Tag: international affairs

Call for Proposals: 2019 Junior Scholars Symposium

American foreign policy sits at a crossroads. The War on Terror continues, but is increasingly unpopular, while the rise of Donald Trump has reignited debates over America’s role in the world. Policy-relevant academic research on key questions of international security and national security policy is more important than ever.

The Cato Institute will be hosting a paper workshop for graduate students on topics broadly related to international security and national security policy in Washington, D.C. in late October 2019. Topics may include a wide range of security issues, including but not limited to U.S. foreign policy, the causes and consequences of conflict, military effectiveness, grand strategy, civil-military relations, alliances and security institutions, terrorism, military intervention, diplomatic history, arms control and nuclear proliferation.

Participants will be expected to produce an original paper of journal-article length; the workshop will focus on paper presentations, discussion and suggestions for improvement, with the expectation that authors will go on to seek publication in external journals or to build upon this research as they move towards the dissertation phase of their studies.

Participants are particularly expected to highlight the policy relevance of their work. In keeping with the Cato Institute’s commitment  to moving U.S. foreign policy towards prudence and restraint, the policy implications of papers should be broadly compatible with a pragmatic realist approach to foreign policy.

The workshop will be held at Cato’s offices in Washington, D.C. Participants will receive a stipend of $500, and will have reasonable travel and accommodation costs for the workshop covered.

To apply, submit an abstract of around 500 words to juniorscholars [at] cato.org by no later than April 1, 2019. The abstract should detail your proposed research project, and be accompanied by a CV. Candidates should have a background in political science, history, public policy or a related field, and must have completed at least one year of graduate study in a PhD program by the time of the workshop. All candidates will be notified of the status of their application by May 6th, and draft papers will be due on October 7th.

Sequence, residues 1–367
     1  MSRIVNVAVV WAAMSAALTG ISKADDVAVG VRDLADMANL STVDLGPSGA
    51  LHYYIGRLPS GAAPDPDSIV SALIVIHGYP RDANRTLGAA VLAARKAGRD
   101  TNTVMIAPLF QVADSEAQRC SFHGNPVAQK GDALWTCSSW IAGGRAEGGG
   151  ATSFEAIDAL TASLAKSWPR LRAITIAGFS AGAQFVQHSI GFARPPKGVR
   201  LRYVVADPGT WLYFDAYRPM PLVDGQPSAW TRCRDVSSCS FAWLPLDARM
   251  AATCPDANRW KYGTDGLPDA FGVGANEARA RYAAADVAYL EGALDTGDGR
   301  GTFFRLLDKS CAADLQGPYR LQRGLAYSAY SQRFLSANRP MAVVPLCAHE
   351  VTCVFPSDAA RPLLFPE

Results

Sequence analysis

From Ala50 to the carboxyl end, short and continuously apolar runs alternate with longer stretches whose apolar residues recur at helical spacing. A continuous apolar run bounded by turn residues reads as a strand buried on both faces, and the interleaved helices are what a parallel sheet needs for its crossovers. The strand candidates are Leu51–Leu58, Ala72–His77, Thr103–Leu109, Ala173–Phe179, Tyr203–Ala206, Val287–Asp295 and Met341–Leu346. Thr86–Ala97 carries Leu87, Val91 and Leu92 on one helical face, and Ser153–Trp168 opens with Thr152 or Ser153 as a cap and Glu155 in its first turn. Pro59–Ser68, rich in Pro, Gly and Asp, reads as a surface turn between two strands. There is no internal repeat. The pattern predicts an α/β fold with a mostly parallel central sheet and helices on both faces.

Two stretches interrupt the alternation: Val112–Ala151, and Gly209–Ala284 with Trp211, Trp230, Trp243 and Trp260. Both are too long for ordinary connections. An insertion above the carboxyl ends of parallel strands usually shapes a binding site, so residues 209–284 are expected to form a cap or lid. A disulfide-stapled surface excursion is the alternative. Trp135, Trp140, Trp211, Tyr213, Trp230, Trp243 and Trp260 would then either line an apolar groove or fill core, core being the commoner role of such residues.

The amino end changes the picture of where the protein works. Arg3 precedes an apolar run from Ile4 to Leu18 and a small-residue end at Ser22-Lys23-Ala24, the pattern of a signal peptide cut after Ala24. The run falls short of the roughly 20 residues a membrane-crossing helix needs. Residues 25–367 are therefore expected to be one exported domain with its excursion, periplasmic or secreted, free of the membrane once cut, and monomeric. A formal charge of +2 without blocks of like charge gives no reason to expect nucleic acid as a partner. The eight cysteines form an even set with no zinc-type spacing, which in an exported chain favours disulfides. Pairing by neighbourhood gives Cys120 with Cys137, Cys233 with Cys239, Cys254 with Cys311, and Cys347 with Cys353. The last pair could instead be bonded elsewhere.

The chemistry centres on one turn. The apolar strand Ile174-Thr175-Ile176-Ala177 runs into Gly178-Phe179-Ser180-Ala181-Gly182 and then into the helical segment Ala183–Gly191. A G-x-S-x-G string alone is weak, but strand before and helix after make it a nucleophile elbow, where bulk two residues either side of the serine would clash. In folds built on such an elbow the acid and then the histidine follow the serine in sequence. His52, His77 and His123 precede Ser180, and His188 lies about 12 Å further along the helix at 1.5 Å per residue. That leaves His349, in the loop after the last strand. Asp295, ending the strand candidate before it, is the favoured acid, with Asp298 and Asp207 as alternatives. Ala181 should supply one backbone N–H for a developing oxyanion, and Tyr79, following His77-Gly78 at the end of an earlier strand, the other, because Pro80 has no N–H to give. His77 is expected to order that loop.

Nonintervention: the New Isolationism?

Today, the Obama administration released its FY 2012 budget, and with it the Pentagon’s spending request.  Regrettably, the Pentagon’s plan shows that the federal government’s 4th consecutive $1 trillion-plus annual deficit has not quelled an appetite for a continued quasi-imperial foreign policy that subsidizes a multitude of rich allies around the globe.

Unfortunately, if you argue against such a massive budget, you are immediately labeled an “isolationist.”  Take the example of Senator Rand Paul’s (R-KY) crusade to cut the federal budget by $500 billion.  Among many other substantive cuts, Senator Paul called for ending U.S. foreign aid around the globe. And when pressed, he included aid to Israel.

Aid to Israel represents less than one percent of his proposal, but the reaction was swift and immediate.  The Senator was labeled a “neo-isolationist,” and condemned widely, while his argument for ending aid to Israel was not addressed.  Benjamin Friedman wrote about this episode in the Daily Caller and presented his own arguments for ending aid to Israel.

Expanding on this theme, over at The Skeptics I have written a piece citing the vociferous attacks on Senator Paul as the latest example of modern conservatives—often of the neo-conservative variety—and liberals coming together to label anyone with a noninterventionist foreign policy outlook an isolationist:

Conservatism once was cautious, urged prudence, and emphasized fidelity to the Constitution. Conservatives saw responsibility as the flip-side of liberty, opposed the transfer society, and detested welfare dependence. On international affairs conservatives believed in defending America, not promoting social engineering overseas.

Liberals responded by tarring traditional conservatives as “isolationists.” Skeptical of joining imperial wars in the name of democracy, unwilling to risk American lives in dubious foreign crusades, and unenthused about transferring U.S. wealth abroad, traditionalists were treated as somehow disreputable. After all, progressive thought required turning Americans into warriors on behalf of a new global ethic.

Now neoconservatives toss the same epithet at conservatives who oppose promiscuous war-making and endless foreign aid. Never mind that many opponents of today’s hyperinterventionist foreign policy favor free trade, cultural exchange, liberal immigration, and political cooperation. If you do not believe in bombing, invading, and occupying adversaries and subsidizing allies, then you be an isolationist.

Click here to read the entire article.